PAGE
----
Harmonised cacophony
Sniedze Sofija Kāle, Art Historian
Heinz Hermann Jurczek. Improvisation on the Theme of Fall of Images
04.09.– 01.10.2010. Alma Gallery
The solo exhibition Improvisation on the Theme of Fall of Images by Heinz Hermann Jurczek, a German artist living in Lithuania since 2005, was on show at the Alma Gallery until October 1. Thanks to the efforts of Lithuanian art historian and curator Raminta Jurenaite, Jurczek’s paintings had been shown in Riga on an earlier occasion at the exhibition The Vilnius Art Scene since 2000, held in 2009 at the Latvian National Art Museum Arsenāls exhibition hall. This time around, Riga residents had the opportunity to take a closer look at the painter’s unusual visual language.

In describing his work, harbinger of abstract art Wassily Kandinsky drew parallels between music and visual art: “Colour is the keys, the eyes are harmony, and the soul is a piano with many strings. The artist is a hand that plays one or another key to produce vibrations in the soul.” In relation to the Jurczek exhibition, I want to continue this linkage between abstraction and music by bringing in the concept of cacophony, because the paintings combine very divergent visual languages.
Heinz Hermann Jurczek. Boom II. Acrylic on canvas. 180x130 cm. 2009. Publicity photo
In the history of painting, abstractionism continued the development of “pure” art and made viewers and critics bow their heads even more reverently before the paintergenius, meditating for hours before a canvas of two colours to divine the insights into the world and emotionality therein. While Jurczek seemingly continues to use abstract form, he only does it to the extent that it could be deemed subjectless.

The abstract is used in Jurczek’s canvases similarly to the way that the quote or paraphrase of the concept of “improvisation” formulated by Kandinsky is included in the exhibition title, a notion which he explained at the time as the composition of an artwork through inspiration and random impulses. Heinz Hermann Jurczek utilises in his paintings a body of visual elements and references which form a mutual overlapping. The sterile striped belts and fields executed with the aid of a stencil, often in contrasting colours (Breakthrough, Power Transmission II), are reminiscent of conceptualist ‘non-art’. The industrially manufactured zigzags on street surfaces and roadside posts created to “put to sleep” or, conversely, sharpen awareness, are characteristic of so-called cool art, which followed abstractionism.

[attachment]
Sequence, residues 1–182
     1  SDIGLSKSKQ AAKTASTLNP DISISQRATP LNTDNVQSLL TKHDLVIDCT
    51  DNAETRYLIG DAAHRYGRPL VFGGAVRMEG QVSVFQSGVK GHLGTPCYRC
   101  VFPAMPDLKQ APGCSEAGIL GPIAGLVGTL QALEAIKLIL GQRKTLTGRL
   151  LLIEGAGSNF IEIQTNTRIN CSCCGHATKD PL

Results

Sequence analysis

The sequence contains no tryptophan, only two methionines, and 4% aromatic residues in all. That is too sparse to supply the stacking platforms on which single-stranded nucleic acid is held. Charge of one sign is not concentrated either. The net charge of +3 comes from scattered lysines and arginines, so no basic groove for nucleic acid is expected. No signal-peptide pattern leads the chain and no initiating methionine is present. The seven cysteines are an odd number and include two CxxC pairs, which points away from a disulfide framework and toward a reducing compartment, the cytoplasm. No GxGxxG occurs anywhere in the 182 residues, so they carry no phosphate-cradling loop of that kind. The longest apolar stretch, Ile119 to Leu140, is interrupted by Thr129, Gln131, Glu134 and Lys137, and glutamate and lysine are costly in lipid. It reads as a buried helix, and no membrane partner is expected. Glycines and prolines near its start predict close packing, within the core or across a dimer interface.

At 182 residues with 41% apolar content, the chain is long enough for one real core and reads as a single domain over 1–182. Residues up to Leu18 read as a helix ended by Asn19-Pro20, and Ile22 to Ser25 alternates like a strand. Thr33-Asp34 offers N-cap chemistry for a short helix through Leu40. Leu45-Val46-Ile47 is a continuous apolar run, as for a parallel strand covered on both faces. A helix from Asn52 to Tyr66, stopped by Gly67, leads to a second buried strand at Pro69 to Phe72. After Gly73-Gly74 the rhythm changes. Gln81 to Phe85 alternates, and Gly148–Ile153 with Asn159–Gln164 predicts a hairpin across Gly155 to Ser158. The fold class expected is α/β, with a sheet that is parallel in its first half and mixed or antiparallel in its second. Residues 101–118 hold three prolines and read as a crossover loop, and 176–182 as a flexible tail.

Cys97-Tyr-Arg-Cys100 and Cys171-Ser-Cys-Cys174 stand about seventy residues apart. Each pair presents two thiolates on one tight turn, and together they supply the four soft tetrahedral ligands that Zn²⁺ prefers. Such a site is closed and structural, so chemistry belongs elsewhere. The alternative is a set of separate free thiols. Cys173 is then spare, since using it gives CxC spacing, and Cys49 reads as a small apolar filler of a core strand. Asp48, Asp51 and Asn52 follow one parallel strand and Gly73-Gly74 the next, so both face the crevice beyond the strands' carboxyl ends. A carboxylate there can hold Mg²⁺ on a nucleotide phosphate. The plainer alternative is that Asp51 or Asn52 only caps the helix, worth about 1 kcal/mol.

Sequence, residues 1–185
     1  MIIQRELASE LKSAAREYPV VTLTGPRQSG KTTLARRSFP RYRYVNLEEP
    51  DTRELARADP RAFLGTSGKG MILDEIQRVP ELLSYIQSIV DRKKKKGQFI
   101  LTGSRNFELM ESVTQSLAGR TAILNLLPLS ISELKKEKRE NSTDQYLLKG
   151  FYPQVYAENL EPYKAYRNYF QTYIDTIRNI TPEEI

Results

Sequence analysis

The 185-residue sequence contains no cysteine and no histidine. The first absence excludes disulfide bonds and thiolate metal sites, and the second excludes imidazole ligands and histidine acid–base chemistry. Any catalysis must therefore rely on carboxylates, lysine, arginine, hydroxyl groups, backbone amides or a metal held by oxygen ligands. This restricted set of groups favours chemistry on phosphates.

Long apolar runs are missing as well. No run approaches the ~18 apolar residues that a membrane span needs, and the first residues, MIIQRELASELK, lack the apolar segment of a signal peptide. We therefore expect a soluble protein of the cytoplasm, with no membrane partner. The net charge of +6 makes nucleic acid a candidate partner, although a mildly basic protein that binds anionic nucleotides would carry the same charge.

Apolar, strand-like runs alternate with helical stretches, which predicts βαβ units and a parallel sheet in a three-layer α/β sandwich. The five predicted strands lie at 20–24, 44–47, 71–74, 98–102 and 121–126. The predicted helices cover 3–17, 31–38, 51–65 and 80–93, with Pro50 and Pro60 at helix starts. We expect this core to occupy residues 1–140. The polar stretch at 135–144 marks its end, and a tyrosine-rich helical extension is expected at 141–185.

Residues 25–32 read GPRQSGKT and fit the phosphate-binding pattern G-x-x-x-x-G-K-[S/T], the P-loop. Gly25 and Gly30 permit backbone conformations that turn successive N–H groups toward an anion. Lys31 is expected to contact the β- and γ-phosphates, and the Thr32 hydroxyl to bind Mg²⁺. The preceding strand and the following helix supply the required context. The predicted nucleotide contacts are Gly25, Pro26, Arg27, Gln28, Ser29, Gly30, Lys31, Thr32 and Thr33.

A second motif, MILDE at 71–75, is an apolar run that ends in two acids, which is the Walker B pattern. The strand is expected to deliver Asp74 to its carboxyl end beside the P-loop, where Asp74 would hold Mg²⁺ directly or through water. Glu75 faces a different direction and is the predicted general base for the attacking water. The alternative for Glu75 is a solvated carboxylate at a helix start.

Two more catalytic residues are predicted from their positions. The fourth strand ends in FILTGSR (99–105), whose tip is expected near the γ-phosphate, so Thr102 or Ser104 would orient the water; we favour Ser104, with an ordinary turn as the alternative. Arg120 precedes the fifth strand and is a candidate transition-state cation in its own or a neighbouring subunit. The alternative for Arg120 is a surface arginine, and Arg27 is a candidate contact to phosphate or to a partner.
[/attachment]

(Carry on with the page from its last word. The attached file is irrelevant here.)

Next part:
In a number of canvases (Boom II, Pluralistic Piece), quotes from comic book-like thought or speech “bubbles” or onomatopoeic words depicting collisions induce a frivolous mood. Against the background of the overall visual elements used in the paintings – monochrome fields or bold watercolour-like floodings or carefully bordered colour rhythms – this technique for shading drawings stands out with its deliberate awkwardness.

Jurczek uses an attractive approach to unite the objectless elements – opposing colours, diagonals, line segments and dynamic interplay between fields – which quite often achieves the effect of a collision. The carefully hand-dotted lines or uneven checks create dissonance with the dispassionate perfection of the stencils, just as the idea of pursuing “pure” art nurtured by abstractionism conflicts with quotes from visual language, creating noise in the painting’s overall sound, which has been harmonised by a good sense of composition.
Heinz Hermann Jurczek. Morphology II. Acrylic on canvas. 180x130 cm. 2009. Publicity photo
In contrast to Kandinsky, who titled his pictures with dry numeration, the German painter is more concrete and gives his works names that encapsulate movement or impulses in relation to their content, for example Power Transmission II, or irony as in Comic Piece II. Using words conjures up a dose of humanity in the abstractions of his paintings and a link with observable processes in our world (Break-through, Greenhouse, Indoor Games I, Upswing, Fine Tuning), making the viewer recognise situations and emotions from real life within the colour segments, interacting fields and spatial fractures. However, these fleeting feelings are dispersed by the exhibition’s ironic title speaking of the death of images, a situation that cannot be ignored in the 21st century as the most diligent critics periodically announce and remind us that art or the artist is dead, while practice follows at the rear and resuscitates the fallen.

The employment of contradictory forms of visual expressions in Jurczek’s paintings serves as a clear-cut “alibi” in case someone should decide to accuse him of cultivating decorativism in contemporary art. In contrast to many female painters who yield to simple ornamental beauty, Jurczek takes elements typical of urban settings and combines them in spatial, attractive constructions, with a touch of “hard issues” and with a healthy dose of irony.

/Translated into English: Filips Birzulis/
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